Horsham council will begin drawing detailed designs of upgrades for the northern bank of the Wimmera River, depending on the result of Monday night's meeting.
It comes as Horsham Rural Ratepayers and Residents has questioned the findings of a report on the consultation council conducted on the project - known as Wimmera Riverfront Activation Project - in August.
It has also expressed concerns the public will not receive adequate opportunity to influence the plans going forward.
Councillors will consider the engagement report along with the final concept plan for the activation project.
This includes a site for a cafe, improved toilets and barbecue and picnic facilities, wider walking and bike tracks, improvements to Horsham Angling Club and a Regional Water Play Park.
The riverfront activation is one of seven stages of the City to River masterplan, a 20-year vision for Horsham CBD, which the council endorsed with amendments at its November meeting in 2019.
A council spokesman told the Mail-Times "If endorsed by council, the first phase of the (riverfront activation) project will be implemented, the steps being, the development of detailed construction drawings for tender, awarding of the tender and construction".
He said this construction was planned to start in early 2021.
"The first phase is being funded through a Federal Government Grant of $1.65 million, a State Government grant of $500,000 and council contribution of $850,000 ($3 million altogether)," he said.
The HRRR group has previously said it did not want the plan to come before the September 21 meeting - council's last before the election period begins - because the meeting was for "urgent business" only.
President Terry O'Donnell said he expected the council to endorse moving to the next step.
He called the engagement report - which found 81% of respondents believed the riverfront would be more inviting after the plans were implemented - a "ticking the box" exercise.
"This report is really just to endorse the fact they've had considerable community input, but they have only had 70 submissions," he said. "The water play park was only endorsed by 25 people as a group project, out of a population of close to 20,000.
"(The council) keeps talking about the original masterplan which is why they keep pushing ahead with it, and my biggest fear is that by approving a concept plan, we are not approving the final product.
"We know from the water play park, they won't put those component projects out to the public, because they already went for more schematic designs on the water play park. They didn't go to the public to say 'this is what will be in the water play park', they just said 'we want money for the water play park'."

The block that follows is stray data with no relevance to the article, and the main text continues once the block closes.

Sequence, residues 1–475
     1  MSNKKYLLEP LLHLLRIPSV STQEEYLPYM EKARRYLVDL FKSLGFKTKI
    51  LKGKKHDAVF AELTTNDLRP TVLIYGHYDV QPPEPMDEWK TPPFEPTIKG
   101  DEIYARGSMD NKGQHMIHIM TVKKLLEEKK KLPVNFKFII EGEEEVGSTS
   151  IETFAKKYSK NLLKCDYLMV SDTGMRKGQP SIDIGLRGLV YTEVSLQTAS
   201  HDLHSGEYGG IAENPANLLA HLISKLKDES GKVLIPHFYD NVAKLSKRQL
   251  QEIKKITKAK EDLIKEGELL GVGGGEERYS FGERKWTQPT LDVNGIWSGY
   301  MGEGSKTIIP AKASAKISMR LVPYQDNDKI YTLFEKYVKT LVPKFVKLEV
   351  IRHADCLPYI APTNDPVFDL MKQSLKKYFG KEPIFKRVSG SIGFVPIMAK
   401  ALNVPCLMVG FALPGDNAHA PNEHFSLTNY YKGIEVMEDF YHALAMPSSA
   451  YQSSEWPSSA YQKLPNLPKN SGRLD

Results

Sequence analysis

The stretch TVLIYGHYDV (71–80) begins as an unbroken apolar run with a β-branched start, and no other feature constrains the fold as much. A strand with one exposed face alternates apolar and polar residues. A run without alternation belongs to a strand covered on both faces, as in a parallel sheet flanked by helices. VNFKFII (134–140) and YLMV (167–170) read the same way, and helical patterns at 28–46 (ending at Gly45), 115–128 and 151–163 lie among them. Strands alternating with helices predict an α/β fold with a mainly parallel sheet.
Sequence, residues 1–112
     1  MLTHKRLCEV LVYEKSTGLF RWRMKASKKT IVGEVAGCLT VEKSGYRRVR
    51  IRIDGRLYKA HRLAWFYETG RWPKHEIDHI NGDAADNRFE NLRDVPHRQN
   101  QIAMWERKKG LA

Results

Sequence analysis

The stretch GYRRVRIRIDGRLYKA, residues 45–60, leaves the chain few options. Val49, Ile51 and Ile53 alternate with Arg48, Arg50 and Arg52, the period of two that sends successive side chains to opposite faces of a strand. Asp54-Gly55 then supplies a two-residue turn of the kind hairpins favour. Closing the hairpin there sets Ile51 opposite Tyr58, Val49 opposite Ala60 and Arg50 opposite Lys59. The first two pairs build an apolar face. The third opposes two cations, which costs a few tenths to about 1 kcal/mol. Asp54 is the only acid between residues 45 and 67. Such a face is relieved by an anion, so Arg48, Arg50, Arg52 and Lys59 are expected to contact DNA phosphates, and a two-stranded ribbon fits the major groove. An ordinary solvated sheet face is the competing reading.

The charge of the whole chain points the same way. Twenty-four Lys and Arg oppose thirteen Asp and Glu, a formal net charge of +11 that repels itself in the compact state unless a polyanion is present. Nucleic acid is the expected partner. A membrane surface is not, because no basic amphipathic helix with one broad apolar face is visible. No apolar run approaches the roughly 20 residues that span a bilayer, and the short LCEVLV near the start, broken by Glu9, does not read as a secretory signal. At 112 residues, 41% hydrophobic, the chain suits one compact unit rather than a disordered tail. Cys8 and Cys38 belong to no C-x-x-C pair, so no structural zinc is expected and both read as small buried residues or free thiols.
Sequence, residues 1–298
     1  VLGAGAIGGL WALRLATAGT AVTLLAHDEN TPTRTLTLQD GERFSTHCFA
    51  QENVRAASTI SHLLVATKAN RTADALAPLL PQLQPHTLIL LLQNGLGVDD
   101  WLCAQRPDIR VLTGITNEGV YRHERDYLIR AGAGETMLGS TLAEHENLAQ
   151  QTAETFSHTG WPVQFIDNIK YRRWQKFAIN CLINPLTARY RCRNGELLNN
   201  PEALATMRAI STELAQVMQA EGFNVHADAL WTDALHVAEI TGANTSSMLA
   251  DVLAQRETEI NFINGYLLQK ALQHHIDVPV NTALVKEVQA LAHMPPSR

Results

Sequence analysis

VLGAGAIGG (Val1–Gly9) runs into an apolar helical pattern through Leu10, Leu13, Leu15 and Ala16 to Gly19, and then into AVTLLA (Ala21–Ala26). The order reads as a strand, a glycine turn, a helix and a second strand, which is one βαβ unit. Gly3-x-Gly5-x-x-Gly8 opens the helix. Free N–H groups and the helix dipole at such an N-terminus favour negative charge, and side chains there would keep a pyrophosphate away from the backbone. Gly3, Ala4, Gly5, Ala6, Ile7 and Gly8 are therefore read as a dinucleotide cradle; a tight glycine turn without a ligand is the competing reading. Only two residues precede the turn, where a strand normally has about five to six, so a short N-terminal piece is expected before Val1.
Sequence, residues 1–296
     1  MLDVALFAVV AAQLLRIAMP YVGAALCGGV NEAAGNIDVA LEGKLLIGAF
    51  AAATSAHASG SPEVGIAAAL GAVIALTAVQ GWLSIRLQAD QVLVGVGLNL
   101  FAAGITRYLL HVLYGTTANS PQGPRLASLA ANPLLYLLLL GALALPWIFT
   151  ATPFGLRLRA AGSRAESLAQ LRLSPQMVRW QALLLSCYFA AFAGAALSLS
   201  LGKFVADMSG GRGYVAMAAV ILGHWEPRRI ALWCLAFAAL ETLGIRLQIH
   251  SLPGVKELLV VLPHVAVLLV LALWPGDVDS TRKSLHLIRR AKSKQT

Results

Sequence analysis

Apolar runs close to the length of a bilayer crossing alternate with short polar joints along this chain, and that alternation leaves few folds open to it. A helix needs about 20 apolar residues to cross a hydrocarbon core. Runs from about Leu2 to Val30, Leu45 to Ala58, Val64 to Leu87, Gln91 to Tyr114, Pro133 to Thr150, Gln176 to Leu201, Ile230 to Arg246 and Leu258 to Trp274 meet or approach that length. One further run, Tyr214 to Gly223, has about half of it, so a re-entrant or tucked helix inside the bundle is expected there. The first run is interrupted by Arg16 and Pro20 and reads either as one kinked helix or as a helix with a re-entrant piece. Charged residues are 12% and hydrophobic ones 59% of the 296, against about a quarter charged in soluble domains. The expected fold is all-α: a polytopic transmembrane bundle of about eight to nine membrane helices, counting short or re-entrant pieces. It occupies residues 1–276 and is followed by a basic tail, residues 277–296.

The council applied to Sport and Recreation Victoria for funding to build the water park, but was rejected in August.
Mr O'Donnell said: "If the council tweaks or modifies this concept plan, how certain can we be the council will go back to the public with it? There is only the suggestion that if there are major changes, it's advisable they go back to the public."
The council's Community Wellbeing Director Kevin O'Brien said it would inform the community "via media releases,".
"Stakeholders will be engaged directly where the works will impact the area. As te contracors are awarded works and timelines are agreed, this will be communicated via media links and e-mail updates," he said.
Mayor Mark Radford said the new council would decide on any further allocations of ratepayers' money to the riverfront project.
"There are no contracts being issued on Monday night. Once the work goes to detailed design, it will go out to tender then contracts are called. Anything over $250,000 will all go through the (new) council," he said.
"The community reference group will be part of the more detailed designs."
The next council will have at least three new members, as Cr Radford, Cr David Grimble and Cr Josh Koenig have said they will not be contesting next month's Local Government Elections.
What the engagement report says
Many respondents told the council to retain the natural features of the region and to Provide opportunities to tell our local indigenous stories
Of the 70 formal feedback submissions received, eight voiced concerns relating to the cost of the project, possible impact on rates and COVID-19.
Seven responses discussed issues around parking to be further considered, and eleven responses concerned specific elements of the design that council says have been provided to the landscape architect.
It said the water play park, BBQ seating and amenities upgrades and the cafe were the three most popular ideas with the community in the draft concept plan.
"Two comments requested that the construction of the Cafe be moved forward to the first stage," the report read.
The council said it met its engagement objectives by establishing the "transparent and empowered" community reference group, consulting with user groups, and dropping information into letterboxes of residents in the project area, among other measures.
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